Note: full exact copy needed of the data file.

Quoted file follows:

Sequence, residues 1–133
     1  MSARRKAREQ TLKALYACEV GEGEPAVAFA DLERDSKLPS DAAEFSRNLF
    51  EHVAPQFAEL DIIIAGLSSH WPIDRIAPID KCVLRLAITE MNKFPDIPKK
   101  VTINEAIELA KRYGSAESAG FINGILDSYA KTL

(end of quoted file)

Sequence, residues 1–133
     1  MSARRKAREQ TLKALYACEV GEGEPAVAFA DLERDSKLPS DAAEFSRNLF
    51  EHVAPQFAEL DIIIAGLSSH WPIDRIAPID KCVLRLAITE MNKFPDIPKK
   101  VTINEAIELA KRYGSAESAG FINGILDSYA KTL